Definition of assist in English:
- Davis said the police were assisting the people to transport their belongings to their various homes and would also assist in the clean-up.
- Likewise he is banned from encouraging, inciting or assisting any person to commit any acts of anti-social behaviour.
- The sickness and invalids benefit strategy is showing encouraging results in assisting people to recover and return to employment.
- I would urge anyone who has information which could assist police to come forward.
- In urging the public to assist the police with information, Paul said crime was the business of all law-abiding persons.
- There is no general obligation on health professionals to disclose confidential information in order to assist the police with the investigation of crimes.
- She has also assisted at blood donor sessions in the town, and only stopped doing that in March.
- She also very graciously assisted in the awards presentation that was done around the pool on the Saturday evening.
- No subtitles are present to assist, although they would be welcome when the Australian accents are prevalent.
nounchiefly North American Back to top
- And they certainly appreciate the ongoing assists from news media.
- With an assist from his brother who ‘got my resume to Bremer,’ he landed interviews that led to his appointment.
- Fortunately, the counselors reacted quickly and performed a reach assist while the camper was still under water.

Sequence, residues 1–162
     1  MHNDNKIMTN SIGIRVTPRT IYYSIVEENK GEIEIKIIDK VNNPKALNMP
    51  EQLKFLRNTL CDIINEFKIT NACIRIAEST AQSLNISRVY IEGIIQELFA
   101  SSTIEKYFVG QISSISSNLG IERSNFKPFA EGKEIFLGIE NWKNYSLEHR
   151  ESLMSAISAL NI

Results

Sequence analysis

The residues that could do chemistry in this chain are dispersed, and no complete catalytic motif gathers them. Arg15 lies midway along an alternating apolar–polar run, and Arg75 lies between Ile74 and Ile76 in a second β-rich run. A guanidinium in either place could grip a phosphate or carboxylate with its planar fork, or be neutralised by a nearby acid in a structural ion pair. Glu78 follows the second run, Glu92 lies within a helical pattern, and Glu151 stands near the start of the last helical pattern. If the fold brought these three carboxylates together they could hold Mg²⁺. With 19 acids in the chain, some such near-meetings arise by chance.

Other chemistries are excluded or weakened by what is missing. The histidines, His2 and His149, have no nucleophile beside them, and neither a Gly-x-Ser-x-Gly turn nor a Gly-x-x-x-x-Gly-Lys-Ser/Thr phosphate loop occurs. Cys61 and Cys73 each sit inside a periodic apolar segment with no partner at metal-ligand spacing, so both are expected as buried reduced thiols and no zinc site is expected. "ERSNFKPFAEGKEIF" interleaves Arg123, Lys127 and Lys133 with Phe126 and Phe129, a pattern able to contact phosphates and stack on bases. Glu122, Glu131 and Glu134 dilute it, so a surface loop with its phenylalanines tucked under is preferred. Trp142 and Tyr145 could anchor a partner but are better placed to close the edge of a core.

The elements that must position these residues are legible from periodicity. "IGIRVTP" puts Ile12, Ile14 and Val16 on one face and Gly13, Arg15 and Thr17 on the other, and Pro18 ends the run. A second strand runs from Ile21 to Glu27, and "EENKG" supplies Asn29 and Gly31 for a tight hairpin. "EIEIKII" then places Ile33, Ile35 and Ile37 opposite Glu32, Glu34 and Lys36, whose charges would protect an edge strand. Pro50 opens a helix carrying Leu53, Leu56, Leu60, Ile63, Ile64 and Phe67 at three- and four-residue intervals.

- During the first couple decades of the 20th century, box scores listed individual assists and putouts but not RBI.
- Ironically, his largest splash was made with his arm, as he had two outfield assists in just five games.
- You don't have to rely on teammates for an assist, there's no variance in the shot's distance, and there is no defender.
consist from (Late Middle English):
Fron Latin consistere ‘stand firm or still, exist’, sistere ‘set, stand (still), stop’, also the source of assist (Late Middle English) originally ‘take your stand’; desist (Late Middle English) ‘stand down, stop’; exist (early 17th century) ‘come into being’, literally ‘stand out’; insist (late 16th century) ‘stand upon [an argument]’; and resist (Late Middle English) ‘stand back or against’.
- Example sentences
- However, as the accessory or assister does not have to receive any trust property for this type of liability to arise, it seems misleading to describe him as a trustee at all.
- For chest, bench presses are your central strength movement, while dumbbell presses are your assister.
- Example sentences
- International swimming rules are followed with just a few exceptions, such as optional platform or in-water starts, but no prostheses or assistive devices are permitted.
- For example, images need to have alternative descriptions that would allow blind or partially sighted users to read them using assistive technology.
- The term ‘visually impaired’ was defined as people who needed to use assistive technology, or had to be very close to the screen to be able to ‘read’ it.
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